Days of Our Lives

What the hell was Mia wearing?  That circus clown meets Harajuku get up was ridiculous.  The show previously established Mia was going to study dance in Japan.  Now the teen is upset that the best job she can get is dancing in a nightclub while wearing an entire Sephora store on her face.  She’s 15.  What the hell kind of club is this?  How is she in any condition to dance professionally days after giving birth?  My preoccupation with Mia’s clothing says it all about this dull episode.  Lapsed viewers might have been fooled by the presence of Bo, Hope, Steve and Kayla in relatively meaty scenes surrounding the police inquiry into Kayla’s shooting.  Once they realized that Bo and Hope’s marriage is on the rocks because he didn’t tell her about his psychic vision, they probably weren’t inspired to add DOOL to their TiVo season pass.  1 heart.

General Hospital

The toxic balls fall out is rather boring.  Luke bonded with his new man crush Ethan over his shame that his son grew up to be a cop.  I agree that Jonathan Jackson’s Lucky wouldn’t have made that choice, but that’s because it was his destiny to fight Skynet. (If you haven’t watched him on Terminator: Sarah Connor Chronicles, you should.)  The anvils were falling as Luke decided anti-establishment, cop hating Ethan was more like him than his own son.  The scene laid out GH’s central theme for those who don’t watch regularly: cops are bad, criminals are the true heroes.  Maxie’s determination to save Spinelli was the emotional heart of the episode.  Her inaccurate comic book references were sweet even if her line about Spinelli being her “person” was awfully similar to Grey’s Anatomy.   In my opinion the true Emily lookalike is popping up in the promos for The Unusuals, not roaming Port Charles.   2 hearts.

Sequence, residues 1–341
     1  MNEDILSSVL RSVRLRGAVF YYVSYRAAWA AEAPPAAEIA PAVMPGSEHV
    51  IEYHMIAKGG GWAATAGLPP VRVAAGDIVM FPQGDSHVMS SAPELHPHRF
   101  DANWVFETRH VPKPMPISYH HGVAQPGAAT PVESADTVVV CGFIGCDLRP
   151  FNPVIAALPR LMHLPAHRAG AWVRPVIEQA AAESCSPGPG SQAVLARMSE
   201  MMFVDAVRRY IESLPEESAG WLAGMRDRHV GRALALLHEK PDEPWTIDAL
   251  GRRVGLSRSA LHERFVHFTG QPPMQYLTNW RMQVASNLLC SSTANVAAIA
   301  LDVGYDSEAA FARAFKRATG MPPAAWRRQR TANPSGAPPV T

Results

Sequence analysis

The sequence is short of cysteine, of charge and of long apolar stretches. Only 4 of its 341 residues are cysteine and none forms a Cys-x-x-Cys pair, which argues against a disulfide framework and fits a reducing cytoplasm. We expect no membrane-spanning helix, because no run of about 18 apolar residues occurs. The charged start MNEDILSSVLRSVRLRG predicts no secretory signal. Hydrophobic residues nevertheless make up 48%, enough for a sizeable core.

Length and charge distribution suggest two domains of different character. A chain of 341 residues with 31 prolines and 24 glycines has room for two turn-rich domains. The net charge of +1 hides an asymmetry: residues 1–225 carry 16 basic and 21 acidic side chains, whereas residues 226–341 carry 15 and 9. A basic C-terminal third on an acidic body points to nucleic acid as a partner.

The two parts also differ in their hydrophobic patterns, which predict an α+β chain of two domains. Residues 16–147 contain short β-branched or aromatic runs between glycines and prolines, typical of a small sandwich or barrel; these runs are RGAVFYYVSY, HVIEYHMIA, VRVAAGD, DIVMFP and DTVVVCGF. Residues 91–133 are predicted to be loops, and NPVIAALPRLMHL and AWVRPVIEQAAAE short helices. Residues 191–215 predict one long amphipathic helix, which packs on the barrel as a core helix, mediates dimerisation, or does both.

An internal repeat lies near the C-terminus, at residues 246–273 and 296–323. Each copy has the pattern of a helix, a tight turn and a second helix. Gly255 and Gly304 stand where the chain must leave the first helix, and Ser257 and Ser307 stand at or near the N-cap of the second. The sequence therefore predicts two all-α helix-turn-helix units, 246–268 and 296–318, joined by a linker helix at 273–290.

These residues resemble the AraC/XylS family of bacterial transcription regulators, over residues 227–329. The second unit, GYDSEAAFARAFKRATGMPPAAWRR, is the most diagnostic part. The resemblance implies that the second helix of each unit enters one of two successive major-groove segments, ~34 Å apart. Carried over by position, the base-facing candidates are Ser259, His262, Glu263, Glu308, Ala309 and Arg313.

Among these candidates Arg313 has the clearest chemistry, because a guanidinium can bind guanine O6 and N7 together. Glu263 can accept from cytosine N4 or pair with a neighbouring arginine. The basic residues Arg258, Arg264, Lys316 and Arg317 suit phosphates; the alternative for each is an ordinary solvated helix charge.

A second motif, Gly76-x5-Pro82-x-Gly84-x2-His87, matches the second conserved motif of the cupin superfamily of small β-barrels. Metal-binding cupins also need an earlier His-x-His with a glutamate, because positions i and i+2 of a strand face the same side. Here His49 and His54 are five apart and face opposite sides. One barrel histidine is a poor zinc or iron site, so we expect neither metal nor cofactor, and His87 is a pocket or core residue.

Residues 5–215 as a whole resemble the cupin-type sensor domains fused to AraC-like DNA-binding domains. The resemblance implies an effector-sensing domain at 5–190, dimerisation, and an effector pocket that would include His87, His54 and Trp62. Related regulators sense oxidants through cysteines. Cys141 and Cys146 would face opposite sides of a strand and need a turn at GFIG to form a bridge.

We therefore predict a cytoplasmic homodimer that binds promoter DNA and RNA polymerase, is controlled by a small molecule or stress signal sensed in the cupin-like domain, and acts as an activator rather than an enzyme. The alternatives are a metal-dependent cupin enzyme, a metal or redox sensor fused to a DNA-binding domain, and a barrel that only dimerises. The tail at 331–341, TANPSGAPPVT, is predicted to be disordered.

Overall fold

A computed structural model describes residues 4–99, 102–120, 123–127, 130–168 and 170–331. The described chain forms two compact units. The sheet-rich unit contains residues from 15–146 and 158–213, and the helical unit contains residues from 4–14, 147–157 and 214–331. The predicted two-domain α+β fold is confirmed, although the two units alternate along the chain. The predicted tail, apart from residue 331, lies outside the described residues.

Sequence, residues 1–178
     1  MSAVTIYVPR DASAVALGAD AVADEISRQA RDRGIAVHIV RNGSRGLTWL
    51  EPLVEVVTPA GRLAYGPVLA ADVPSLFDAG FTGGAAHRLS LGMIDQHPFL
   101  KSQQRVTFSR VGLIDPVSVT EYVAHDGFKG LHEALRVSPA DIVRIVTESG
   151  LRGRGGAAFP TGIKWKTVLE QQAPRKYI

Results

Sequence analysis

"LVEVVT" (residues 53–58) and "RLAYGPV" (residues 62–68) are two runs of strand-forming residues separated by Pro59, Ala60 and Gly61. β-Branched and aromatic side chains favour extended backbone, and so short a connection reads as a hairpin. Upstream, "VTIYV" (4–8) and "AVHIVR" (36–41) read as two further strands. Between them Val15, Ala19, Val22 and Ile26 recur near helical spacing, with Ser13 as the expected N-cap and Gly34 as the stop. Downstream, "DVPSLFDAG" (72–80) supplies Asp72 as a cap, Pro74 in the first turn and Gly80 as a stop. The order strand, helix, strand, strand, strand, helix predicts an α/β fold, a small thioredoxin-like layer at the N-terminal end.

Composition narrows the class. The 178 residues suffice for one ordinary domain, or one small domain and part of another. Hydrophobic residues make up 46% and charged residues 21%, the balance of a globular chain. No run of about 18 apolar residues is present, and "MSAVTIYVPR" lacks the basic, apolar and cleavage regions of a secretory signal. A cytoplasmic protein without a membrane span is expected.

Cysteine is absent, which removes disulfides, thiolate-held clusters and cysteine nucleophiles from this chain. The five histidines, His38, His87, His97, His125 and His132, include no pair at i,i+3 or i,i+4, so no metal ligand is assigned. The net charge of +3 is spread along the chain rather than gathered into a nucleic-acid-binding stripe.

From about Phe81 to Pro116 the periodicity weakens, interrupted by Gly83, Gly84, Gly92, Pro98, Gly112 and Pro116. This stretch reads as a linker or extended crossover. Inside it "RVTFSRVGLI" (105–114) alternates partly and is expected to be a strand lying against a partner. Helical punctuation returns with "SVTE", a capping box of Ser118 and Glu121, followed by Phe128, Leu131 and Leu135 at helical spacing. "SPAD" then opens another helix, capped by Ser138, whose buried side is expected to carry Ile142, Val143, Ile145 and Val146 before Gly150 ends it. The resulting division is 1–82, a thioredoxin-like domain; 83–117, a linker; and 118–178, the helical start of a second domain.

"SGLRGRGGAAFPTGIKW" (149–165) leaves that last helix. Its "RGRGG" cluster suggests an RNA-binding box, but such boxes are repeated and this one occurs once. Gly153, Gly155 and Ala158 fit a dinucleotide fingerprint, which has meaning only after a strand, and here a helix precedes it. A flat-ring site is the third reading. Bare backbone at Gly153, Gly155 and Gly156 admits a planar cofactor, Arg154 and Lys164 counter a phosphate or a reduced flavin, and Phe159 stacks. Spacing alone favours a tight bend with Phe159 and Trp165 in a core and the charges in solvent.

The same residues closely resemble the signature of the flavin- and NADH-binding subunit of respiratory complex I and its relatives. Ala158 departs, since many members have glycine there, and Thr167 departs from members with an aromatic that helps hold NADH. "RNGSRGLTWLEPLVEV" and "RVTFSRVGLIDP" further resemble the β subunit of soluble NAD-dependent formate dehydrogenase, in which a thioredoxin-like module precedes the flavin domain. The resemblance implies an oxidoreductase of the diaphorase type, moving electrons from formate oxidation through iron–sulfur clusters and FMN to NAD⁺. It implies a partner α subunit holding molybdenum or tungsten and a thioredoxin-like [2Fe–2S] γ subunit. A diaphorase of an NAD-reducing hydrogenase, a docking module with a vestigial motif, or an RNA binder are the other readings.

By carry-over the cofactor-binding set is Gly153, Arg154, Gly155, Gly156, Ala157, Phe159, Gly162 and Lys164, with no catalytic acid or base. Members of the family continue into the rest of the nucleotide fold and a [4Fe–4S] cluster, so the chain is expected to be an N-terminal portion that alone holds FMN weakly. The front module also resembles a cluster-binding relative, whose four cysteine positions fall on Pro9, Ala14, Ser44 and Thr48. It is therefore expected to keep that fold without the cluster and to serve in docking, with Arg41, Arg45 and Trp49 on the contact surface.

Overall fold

Guiding Light

By now, anyone who has ever watched GL has heard that Phillip’s back.  Too bad he wasn’t in Monday’s episode.  Coop’s deathbed farewells to his loved ones were genuinely moving.  However, the hospital continues to be the ugliest set in daytime.  The production values detracted from the powerful writing and acting.  The show wisely showcased its other buzzworthy storyline, Otalia, with Olivia kissing Bill to prove to herself that she wasn’t attracted to Natalia.  This is the story that Bianca and Reese should have been.  3 hearts.